Mastering the Second-Shooter Shots On a Wedding Day

Mastering the Second-Shooter Shots On a Wedding Day

Mastering the Second-Shooter Shots On a Wedding Day with Alissa Zimmerman

Want more information on this article? Get access to video content and additional supporting images. Launch the May issue of the magazine by logging in or signing up for a free account by clicking here. Shutter Magazine is the industry’s leading professional photography magazine.

The second shooter plays a crucial role on the wedding day. The most important shots below apply to anyone in the wedding photography business, whether you’re a secondary shooter, a primary photographer who hires a second shooter on a wedding-by-wedding basis or a studio with a full-time second shooter on staff.

Use these four key shots as your foundation on a wedding day. Train your second shooter to understand their role and what is expected.

#1: Candid shots

The most important skill of a second shooter is the ability to capture candid shots in a unique and artistic way. Anyone can grab a camera and take a few snapshots of the bridal party, family or guests interacting. It takes true talent to master timing, composition and an understanding of the “who’s who” on a wedding day, to turn an ordinary snapshot into an impactful candid image that your client will cherish forever.

It’s always nice to be on a team with a primary photographer who knows when to make a group of people laugh to set up the perfect shot for their second shooter.

Candid images can get stale or boring. Layer your subjects and shoot wide open to make an image more interesting. Use eye candy (objects in the foreground of an image) to add a little extra something to your candids.

#2: Details, details, details

There are specific detail shots the primary photographer is in charge of at every wedding: Isolating the bride and groom’s details in the morning while they are getting ready, the program and any extra decoration done for the ceremony and reception, and, of course, the impact ring shot.

There also are plenty of times throughout the day when the primary photographer needs to focus on getting through the timeline as efficiently as possible, and so may not have the time to shoot other details, such as the groom and groomsmen’s boutonnieres, the bride and bridesmaids’ bouquets, and any other special piece of your client’s wedding day. The second shooter needs to capture any detail the primary shooter does not.

“Details” doesn’t always mean the second shooter needs to be photographing details. This also pertains to those moments when the primary photographer is setting up a big, dramatic shot. It’s the second shooter’s responsibility to make sure every little detail of that scene is flawless: The bride’s hair should be perfect, her dress should be lying right, the groom’s suit should be adjusted correctly and so on. Paying attention to details like this for a big shot you intend to sell as a large piece for their home can make or break the sale.

#3: Complementary images

I cannot stress enough the importance of building a wedding-day formula between the primary photographer and the second shooter. During any part of a wedding, no two photographers should be using the same focal length. Nor should those two photographers be standing in or around the same area to capture the same subject.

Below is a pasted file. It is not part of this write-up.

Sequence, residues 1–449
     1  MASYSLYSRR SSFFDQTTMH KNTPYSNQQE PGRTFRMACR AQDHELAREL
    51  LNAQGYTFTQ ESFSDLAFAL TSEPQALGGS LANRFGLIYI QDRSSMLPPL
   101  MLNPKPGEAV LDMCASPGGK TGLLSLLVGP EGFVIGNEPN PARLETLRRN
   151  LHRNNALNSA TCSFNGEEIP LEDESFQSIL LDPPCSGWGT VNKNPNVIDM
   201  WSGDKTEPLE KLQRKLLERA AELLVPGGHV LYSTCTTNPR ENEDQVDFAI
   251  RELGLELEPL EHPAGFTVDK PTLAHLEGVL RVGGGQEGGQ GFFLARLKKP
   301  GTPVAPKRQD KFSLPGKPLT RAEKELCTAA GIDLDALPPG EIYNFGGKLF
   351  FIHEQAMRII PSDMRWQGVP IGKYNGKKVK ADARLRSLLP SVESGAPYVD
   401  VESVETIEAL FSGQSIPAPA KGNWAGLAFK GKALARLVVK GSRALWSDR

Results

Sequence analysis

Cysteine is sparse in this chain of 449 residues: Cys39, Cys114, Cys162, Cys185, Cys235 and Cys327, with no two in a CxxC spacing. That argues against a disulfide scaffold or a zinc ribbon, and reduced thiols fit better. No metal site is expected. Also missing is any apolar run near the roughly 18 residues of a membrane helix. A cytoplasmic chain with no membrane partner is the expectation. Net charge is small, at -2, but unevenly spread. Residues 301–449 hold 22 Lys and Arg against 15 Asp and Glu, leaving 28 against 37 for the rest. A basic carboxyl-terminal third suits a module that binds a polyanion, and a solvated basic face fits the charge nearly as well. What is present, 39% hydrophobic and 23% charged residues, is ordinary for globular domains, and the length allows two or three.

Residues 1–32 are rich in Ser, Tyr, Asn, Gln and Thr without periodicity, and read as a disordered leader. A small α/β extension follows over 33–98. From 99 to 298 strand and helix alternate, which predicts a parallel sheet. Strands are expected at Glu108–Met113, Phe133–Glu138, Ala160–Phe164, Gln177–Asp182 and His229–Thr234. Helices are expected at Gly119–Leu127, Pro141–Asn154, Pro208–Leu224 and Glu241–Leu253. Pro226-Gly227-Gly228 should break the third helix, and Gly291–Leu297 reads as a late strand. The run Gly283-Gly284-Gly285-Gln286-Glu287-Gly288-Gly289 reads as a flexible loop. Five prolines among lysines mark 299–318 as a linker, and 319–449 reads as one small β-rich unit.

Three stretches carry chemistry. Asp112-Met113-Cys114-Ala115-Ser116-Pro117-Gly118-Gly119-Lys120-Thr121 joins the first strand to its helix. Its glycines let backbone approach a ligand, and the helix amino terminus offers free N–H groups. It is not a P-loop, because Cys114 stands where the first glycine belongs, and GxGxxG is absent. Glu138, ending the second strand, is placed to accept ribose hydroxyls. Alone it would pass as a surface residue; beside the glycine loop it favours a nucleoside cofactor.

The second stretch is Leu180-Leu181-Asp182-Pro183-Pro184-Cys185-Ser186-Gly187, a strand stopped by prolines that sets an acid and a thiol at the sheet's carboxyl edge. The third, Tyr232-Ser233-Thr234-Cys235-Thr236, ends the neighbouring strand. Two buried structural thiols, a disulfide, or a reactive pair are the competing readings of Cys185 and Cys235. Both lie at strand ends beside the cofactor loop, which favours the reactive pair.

Understanding the art of working side by side with another photographer and getting to know their habits and workflow is crucial to the success of a second shooter. I know what lens Sal will be using and where he will be standing to get the shot during every part of a wedding. I know what lens I need and where I need to be standing to get the complementary shots that will give our clients images that capture every part of their big day.

Follow this rule: If the primary photographer is using a wide lens, the second shooter should be using a mid-to-tight range lens, and vise versa. Understand that not every scene lends itself to a wide/tight formula, so learn your gear so you know what to use during each part of a wedding day.

#4: Capturing emotion

This is my favorite part of being a second shooter, and the number-one reason I love photography. The ability to capture emotion and freeze that moment in time for your clients is priceless.

No bride on the planet wants to see images of herself crying, regardless of how emotional the scene may be. No bride on the planet wants to see an image of herself sharing an emotional moment with someone if it was shot at an unflattering angle.

These moments happen in the blink of an eye, and you won’t always be able to capture them perfectly. Take the time to learn the basics of a wedding day, and you’ll be able to anticipate these moments and be more prepared for that one great capture. You’ll always want to capture the father/daughter first look, for example; this is guaranteed to be an emotional moment. Control the situation ahead of time so they are perfectly staged and you are in the right spot with the right light, using the right gear.

Control your destiny when you can, and allow the rest of the emotional photojournalistic shots unfold naturally throughout the day.

Want more information on this article? Get access to video content and additional supporting images. Launch the May issue of the magazine by logging in or signing up for a free account by clicking here. Shutter Magazine is the industry’s leading professional photography magazine.

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This Post Has One Comment

  1. Jan Patton-Williams

    Very helpful tips for second shooters. I love second shooting. You get to capture the fun, unposed events of the day!! Thank you for great read!

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